Beard Story: Marriage, beards, and bigots

Beard Story from June 16, 2008

(Historical context – this was the first day that gay marriages were allowed, for the second time, in SF.)

Went down to City Hall today, to see Del Lyon and Phyllis Martin get married at 5:01pm
There was a decent-sized crowd outside – out front of city hall and across the street. The queers/ queer-friendly folks and the anti-gay christian folks were all mixed in together, with their various signs and placards. It looked like some people were going inside, but it was a little unclear whether it was an invite-only thing. Dossie asked the cop standing by the doorway if we could come in. He said, “Of course.”
Dossie pointed out to me later that she had made a point to hold onto my arm, so that she would look queer enough by association – quite a role-reversal of me coattailing her through Leather spaces.
We walked into City Hall, got through the metal detectors. It seemed like people were going upstairs, so we followed them. There were clearly a group of people with lots of cameras gathered at one end of the 2nd floor, but it looked roped off. We wandered around trying to see if from various angles, and then saw that no one seemed to be policing who got into the apparently roped off area. So, I wandered in, waiting for someone to stop me. No one did. Apparently it was open to the public.
The crowd was maybe 10 people deep from the center, so we couldn’t see a thing. There was a woman who looked like a reporter, standing on a chair so she could see better. There had been folding chairs outside the crowded area, so I went to get one, again waiting for someone to stop me. Again, no one did.
With the chair, we could see to the center of the crowd. Jacob, Dossie, and I took turns (and shared with some other people nearby) watching Gavin Newsom speak, then hearing Del and Phyllis talk to a reporter, then Gavin again, then the city attorney, then Mark Leno. Lots of cheering. The whole thing was excited and festive and alive.
Somewhere in there Del and Phyllis cut the wedding cake. They’d had the ceremony in a private room and were having a private reception elsewhere, before they took off in a limo with a “Just Married… Finally” sign on the back. When the speeches were over, 3 or 4 fags set to cutting the cake into tidy little 2″ cubes, so everyone there could have a tiny piece of the historic cake. Jacob, Dossie, and I split a piece, after Dossie said hi to a few friends of hers who were there as part of the private party with Del and Phyllis. One of these friends had been Dossie’s “older woman” lover, way back when.
The crowd was starting to disperse inside, so we wandered back outside, to see what the crowds were up to.
As Jacob, Dossie, and I exited City Hall, with Dossie and me walking arm in arm, the whole crowd outside started cheering (and the few hateful hecklers booed and shouted other things). We looked around, trying to figure out who they were cheering for. Apparently, they were cheering for us. A bunch of people took our picture as we walked out – people were lining the ramp out of city hall, nearly blocking our way as we exited. Either the crowd was just so excited they were cheering for anything, or someone didn’t get the memo that there was only one gay marriage today. We watched for a while, and the crowd seemed to be cheering anyone who left city hall who looked anything like a queer couple.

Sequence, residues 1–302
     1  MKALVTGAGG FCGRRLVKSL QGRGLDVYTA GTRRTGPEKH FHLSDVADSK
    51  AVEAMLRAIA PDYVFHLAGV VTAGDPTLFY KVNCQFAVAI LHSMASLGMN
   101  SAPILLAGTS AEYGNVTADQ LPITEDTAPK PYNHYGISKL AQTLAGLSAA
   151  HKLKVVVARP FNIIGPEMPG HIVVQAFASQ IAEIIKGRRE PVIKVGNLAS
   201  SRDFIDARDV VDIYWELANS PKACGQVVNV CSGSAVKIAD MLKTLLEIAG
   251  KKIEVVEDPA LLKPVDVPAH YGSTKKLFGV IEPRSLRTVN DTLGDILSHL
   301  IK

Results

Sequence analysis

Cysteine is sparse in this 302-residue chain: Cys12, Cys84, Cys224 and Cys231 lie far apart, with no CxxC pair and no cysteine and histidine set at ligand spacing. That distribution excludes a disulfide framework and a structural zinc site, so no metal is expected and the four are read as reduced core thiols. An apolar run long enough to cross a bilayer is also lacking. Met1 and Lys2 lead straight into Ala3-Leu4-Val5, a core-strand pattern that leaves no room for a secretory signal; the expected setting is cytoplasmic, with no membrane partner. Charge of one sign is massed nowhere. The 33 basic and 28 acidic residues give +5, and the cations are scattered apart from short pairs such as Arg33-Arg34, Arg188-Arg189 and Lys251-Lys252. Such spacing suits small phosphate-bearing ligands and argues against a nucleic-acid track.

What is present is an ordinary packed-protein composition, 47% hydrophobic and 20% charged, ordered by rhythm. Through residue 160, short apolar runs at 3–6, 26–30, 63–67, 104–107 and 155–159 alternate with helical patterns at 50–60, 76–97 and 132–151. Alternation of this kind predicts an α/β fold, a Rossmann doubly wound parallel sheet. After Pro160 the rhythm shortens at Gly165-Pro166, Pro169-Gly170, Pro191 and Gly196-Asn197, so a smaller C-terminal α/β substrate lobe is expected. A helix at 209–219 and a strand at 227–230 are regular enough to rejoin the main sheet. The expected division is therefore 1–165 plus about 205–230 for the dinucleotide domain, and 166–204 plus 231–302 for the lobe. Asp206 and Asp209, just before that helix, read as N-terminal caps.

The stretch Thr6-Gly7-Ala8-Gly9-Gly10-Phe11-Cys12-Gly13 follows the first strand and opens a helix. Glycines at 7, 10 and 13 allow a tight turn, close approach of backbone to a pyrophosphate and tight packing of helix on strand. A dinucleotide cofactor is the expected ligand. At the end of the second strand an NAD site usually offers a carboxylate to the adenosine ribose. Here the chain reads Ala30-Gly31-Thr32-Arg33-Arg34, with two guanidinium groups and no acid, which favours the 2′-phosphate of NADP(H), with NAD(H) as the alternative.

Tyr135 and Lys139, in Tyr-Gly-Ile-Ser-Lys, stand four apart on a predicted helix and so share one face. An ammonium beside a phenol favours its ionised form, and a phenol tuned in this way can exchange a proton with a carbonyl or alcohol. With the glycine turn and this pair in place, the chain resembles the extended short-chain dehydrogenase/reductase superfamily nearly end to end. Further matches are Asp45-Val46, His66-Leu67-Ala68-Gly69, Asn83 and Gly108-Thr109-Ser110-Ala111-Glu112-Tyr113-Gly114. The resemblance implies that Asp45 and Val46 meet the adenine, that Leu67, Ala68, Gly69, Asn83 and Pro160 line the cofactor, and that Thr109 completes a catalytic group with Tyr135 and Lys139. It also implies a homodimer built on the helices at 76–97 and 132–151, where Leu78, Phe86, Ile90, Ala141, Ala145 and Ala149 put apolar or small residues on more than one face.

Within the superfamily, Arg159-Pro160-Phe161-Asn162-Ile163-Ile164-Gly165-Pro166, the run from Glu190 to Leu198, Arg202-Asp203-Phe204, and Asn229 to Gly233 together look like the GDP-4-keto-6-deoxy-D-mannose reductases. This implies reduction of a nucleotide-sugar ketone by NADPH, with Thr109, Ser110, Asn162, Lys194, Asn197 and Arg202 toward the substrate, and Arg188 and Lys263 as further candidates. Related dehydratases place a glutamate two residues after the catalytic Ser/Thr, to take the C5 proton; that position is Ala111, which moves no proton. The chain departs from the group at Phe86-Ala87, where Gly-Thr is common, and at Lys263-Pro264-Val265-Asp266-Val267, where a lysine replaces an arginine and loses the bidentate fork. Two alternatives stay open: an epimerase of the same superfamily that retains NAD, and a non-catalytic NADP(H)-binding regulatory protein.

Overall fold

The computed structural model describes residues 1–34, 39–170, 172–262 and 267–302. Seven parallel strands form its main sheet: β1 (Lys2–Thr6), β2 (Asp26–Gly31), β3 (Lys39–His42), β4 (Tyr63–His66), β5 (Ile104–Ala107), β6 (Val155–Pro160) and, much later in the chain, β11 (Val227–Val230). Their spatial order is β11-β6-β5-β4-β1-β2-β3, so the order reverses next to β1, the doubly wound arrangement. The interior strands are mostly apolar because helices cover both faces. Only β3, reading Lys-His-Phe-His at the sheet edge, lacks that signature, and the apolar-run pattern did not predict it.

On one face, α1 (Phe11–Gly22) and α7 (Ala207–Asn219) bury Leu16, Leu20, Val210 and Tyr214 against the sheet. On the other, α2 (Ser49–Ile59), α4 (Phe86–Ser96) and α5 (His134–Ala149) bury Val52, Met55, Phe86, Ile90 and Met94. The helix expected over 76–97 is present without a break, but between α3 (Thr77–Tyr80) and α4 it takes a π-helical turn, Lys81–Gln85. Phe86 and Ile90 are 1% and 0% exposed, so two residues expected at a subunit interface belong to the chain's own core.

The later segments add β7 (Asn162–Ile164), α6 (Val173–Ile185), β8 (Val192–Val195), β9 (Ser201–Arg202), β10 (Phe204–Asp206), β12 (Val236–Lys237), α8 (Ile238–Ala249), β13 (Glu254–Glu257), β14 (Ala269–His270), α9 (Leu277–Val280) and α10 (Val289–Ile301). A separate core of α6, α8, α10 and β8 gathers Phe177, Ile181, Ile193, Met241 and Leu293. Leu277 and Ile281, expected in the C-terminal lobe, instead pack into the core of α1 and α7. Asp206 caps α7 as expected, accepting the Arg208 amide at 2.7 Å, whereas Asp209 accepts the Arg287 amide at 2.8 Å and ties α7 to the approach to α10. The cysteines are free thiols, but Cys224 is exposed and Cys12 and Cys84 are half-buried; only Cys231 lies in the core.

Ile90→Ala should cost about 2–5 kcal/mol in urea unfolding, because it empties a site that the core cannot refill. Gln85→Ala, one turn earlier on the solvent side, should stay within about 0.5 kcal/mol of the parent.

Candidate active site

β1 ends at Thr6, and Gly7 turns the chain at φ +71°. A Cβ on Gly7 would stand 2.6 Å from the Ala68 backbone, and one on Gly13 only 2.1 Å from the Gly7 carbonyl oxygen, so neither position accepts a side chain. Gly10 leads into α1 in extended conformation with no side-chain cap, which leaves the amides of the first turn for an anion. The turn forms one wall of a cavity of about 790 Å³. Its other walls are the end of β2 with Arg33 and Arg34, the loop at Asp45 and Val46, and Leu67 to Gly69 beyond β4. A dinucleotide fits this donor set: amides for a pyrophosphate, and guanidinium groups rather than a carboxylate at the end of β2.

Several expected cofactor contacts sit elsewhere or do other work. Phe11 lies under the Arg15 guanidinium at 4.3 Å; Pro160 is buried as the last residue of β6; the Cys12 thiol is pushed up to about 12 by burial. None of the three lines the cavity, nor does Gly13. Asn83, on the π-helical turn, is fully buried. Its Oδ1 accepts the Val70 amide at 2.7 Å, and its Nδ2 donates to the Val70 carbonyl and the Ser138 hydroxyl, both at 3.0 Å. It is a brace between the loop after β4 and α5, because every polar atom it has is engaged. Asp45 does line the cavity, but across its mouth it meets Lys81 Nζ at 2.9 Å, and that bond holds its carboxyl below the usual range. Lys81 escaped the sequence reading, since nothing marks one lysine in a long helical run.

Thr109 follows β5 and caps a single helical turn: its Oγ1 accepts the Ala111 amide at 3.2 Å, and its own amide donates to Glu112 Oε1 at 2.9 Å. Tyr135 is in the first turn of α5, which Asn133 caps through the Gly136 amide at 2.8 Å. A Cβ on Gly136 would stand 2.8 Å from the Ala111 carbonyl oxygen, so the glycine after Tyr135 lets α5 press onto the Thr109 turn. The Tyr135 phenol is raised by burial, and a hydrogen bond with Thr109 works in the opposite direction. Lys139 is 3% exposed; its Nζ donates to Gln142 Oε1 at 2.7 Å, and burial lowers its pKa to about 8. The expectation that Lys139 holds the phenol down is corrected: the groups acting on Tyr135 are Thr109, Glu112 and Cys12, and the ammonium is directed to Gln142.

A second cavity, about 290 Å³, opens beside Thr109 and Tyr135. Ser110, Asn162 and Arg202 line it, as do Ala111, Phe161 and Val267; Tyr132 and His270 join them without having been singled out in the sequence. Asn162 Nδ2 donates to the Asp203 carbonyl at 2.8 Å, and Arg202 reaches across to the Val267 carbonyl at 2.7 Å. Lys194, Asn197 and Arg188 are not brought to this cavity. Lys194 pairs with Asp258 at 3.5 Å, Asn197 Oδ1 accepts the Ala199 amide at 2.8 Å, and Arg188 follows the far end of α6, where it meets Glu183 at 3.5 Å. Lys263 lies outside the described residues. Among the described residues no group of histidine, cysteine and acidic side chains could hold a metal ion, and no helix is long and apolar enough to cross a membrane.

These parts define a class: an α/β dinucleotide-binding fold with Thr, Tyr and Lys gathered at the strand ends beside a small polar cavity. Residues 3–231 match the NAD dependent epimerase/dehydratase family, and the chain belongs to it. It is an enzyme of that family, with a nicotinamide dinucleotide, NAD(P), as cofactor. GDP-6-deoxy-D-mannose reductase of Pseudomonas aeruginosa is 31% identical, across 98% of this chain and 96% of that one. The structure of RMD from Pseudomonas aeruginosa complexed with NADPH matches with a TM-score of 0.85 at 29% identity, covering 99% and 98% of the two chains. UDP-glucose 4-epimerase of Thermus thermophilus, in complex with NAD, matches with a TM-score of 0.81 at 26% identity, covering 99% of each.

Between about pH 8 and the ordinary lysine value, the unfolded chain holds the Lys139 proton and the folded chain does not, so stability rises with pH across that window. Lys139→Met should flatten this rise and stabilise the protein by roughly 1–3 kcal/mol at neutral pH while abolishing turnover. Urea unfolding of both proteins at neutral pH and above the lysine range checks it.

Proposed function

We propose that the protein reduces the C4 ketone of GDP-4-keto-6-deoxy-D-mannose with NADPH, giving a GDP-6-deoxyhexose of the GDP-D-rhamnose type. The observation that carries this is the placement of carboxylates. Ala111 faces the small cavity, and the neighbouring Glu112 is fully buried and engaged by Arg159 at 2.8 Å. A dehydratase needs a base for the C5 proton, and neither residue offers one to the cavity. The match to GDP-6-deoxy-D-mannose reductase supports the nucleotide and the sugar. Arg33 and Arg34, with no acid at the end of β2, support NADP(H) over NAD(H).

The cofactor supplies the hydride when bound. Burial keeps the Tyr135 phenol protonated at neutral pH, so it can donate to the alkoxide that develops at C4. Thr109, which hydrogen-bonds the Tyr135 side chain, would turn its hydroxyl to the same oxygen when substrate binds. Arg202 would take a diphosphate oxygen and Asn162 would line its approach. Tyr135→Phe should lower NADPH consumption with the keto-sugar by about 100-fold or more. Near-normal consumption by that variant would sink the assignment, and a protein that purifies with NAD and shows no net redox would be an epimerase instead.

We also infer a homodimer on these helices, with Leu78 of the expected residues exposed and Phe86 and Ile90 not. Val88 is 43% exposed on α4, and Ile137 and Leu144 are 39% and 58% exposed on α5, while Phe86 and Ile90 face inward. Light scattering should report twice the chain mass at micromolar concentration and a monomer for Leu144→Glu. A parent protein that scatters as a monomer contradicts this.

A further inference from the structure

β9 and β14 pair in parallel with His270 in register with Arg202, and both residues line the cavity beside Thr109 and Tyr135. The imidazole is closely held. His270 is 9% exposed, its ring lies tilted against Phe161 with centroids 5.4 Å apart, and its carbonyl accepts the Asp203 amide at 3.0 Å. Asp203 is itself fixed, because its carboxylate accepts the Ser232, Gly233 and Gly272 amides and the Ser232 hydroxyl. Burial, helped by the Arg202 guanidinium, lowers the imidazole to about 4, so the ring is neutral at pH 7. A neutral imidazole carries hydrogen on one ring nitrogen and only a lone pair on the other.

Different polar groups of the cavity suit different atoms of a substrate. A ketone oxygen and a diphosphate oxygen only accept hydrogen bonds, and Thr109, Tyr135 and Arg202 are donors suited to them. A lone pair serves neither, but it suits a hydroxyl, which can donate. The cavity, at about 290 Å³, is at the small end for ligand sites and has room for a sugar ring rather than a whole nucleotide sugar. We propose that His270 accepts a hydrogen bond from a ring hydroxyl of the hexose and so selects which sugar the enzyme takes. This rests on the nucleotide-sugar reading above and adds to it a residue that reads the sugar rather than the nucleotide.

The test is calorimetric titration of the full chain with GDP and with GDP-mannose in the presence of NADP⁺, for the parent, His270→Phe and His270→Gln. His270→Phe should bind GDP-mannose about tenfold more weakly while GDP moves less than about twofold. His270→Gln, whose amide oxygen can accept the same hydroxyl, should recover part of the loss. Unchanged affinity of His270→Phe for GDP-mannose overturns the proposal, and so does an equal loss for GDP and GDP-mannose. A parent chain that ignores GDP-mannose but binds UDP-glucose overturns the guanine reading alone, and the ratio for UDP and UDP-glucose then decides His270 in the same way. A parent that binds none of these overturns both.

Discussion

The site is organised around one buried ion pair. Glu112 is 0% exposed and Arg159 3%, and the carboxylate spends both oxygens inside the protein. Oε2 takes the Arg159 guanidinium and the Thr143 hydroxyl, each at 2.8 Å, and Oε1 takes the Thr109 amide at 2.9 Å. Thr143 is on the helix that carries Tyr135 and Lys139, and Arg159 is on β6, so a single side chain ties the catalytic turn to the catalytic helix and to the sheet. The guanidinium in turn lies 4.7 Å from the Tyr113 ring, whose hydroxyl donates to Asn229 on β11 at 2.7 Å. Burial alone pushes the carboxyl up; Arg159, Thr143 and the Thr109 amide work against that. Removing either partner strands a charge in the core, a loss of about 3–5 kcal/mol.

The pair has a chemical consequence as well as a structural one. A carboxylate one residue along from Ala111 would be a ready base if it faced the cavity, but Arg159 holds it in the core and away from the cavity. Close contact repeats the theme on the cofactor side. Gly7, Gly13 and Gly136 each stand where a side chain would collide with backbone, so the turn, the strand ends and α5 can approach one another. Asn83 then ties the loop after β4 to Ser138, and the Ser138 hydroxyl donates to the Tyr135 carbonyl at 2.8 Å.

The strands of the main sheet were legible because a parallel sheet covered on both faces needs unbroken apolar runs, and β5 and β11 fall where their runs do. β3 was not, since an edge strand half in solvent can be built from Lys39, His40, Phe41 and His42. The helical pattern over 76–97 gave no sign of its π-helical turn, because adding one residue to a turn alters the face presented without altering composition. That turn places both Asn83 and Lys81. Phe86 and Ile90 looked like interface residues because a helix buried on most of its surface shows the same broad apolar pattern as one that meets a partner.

The whole thing was fabulous and exciting and sweet and momentous. The Gay Freedom Band was playing, there were many more pro-gay folks than anti-gay bigots, so the assholes’ yells got drowned out easily, although they did have bigger signs. There was a woman in a cow suit hawking free Ben and Jerry’s, and there were people holding the four poles of a rainbow chupah. And, of course, there were plenty of fabulous signs. My favorites were:
-Married heterosexuals support you
-Yay gays! (Written with a marker on notebook paper and resolutely held up in front of a huge “god hates you” sort of banner, so you couldn’t take a picture of the hateful sign without getting the friendly sign in the picture.)

We wandered the crowd, said hi to a few friends, took photos of the pro-gay signs held up in front of the anti-gay signs. We were standing by one guy with a “god hates you” sort of sign, and he started yelling how there were no gays and lesbians, there were only men and women – and presumably they should pair off accordingly. So, to prove him wrong, Dossie and started making out in front of him. He yelled, “That beard doesn’t prove you’re a man!”  Dossie, Jacob, and I cracked up.
As we walked away, Dossie commented to Jacob , “the beard might not prove it, but the dick sure does a good job of it.”
As Dossie and I walked back to the car, arm in arm, a guy said, “Congratulations! I saw you come out [of City Hall] earlier.” We thought it was sweet to be congratulated by the random public on a marriage we hadn’t even had. And that we don’t intend to have, for that matter. We seem to be doing just fine skipping right over the marriage and on to the consummating.

It was fun to be at something that felt important and historic. I live around so many people who were at events that are now part of the cultural history, and I feel like I’ve missed so much – especially so much of the good, exciting stuff. So, even if this was the second time around for Del and Phyllis to get married, it still felt like a historic big deal, and it felt good to be there.

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